Global security concerns have been a reality for travelers for years, so it's alarming to see 20 percent of respondents say that their company does not have a policy to deal with such risks.
Very few companies are halting Europe trips altogether after the terror attacks in Brussels last month, but many are limiting business travel there at least slightly.
A poll conducted late last month by the Global Business Travel Association and partner groups in Europe found that 47 percent of respondents said their companies were making no change at all to travel to or within the continent.
But about 53 percent of those who responded said their companies would limit travel in Europe to varying degrees. Most — just over a quarter — said travel would be limited slightly, while 16 percent said limits would be moderate and 7 percent said they were “greatly” restricting travel.
Only 4 percent said travel in Europe was frozen altogether.
Nearly 30 percent of those who took the poll said their company had travelers who were impacted by the March 22 attacks in some way. The bombings at the airport and a downtown subway station killed more than 30 people, and the Brussels airport opened yesterday.
“We live in a global economy and even when faced with terror, we cannot live in fear,” Michael McCormick, executive director and chief operating officer of GBTA, said in a statement. “Businesses still need to do business and people will still need to travel, so it is imperative to plan, prepare and stay informed so that your business can make prudent decisions about its travel program.”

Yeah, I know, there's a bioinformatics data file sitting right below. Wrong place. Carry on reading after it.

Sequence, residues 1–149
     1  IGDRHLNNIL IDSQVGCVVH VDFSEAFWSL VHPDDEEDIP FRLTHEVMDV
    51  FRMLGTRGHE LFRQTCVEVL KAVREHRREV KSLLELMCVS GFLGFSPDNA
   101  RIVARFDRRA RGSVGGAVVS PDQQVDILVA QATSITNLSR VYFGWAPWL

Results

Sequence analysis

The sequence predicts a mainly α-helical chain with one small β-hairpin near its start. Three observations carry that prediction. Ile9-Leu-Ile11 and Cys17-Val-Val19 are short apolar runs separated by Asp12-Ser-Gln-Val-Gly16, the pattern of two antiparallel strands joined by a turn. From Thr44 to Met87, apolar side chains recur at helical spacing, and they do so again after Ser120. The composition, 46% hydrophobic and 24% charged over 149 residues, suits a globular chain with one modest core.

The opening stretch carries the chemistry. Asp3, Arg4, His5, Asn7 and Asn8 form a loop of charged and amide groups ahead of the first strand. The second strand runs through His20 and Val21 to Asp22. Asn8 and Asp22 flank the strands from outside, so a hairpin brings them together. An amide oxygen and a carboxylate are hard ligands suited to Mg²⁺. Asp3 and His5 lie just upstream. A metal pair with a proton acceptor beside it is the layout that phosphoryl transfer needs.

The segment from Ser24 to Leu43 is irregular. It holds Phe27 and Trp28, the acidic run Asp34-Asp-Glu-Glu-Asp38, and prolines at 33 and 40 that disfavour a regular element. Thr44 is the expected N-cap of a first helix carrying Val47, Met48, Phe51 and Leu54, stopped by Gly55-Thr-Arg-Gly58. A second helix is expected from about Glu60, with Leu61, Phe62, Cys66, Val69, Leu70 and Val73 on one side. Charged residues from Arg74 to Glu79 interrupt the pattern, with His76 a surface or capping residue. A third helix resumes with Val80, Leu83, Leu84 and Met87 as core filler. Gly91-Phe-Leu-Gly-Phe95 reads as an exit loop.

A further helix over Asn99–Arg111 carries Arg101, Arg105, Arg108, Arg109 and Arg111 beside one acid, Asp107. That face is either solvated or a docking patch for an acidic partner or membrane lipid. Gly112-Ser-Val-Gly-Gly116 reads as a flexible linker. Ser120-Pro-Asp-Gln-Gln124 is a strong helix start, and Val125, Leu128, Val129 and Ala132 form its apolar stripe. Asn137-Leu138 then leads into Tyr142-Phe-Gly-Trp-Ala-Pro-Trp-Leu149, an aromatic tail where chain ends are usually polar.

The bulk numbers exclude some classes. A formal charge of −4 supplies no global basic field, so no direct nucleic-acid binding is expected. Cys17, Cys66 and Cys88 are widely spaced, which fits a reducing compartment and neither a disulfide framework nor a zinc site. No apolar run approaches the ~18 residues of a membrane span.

Most of the participants — 72 percent — said their companies had a risk management plan in place, while 20 percent said they did not and another 8 percent didn’t know.
Those plans were effective right after the attacks for 81 percent of those who responded and ineffective for 13 percent.
“While 80 percent would normally be seen as a great success rate, when lives are at stake, we need to do better,” McCormick said in the statement.
The poll was conducted online in the six days following the attacks; 301 people from the United States and several European countries responded. According to GBTA, the majority of those who participated likely had travel management responsibilities.
Other surveys have shown that leisure travelers are wary of visiting Europe after the Brussels bombings, which followed attacks in Paris in November. According to a Skift survey last month, among those who had plans to visit Europe over the next six months, 20 percent had already canceled and nearly 28 percent were rethinking their plans.
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Photo credit: Mourners pay their respects to victims of last month's bombings in Brussels. Valentina Calà / Flickr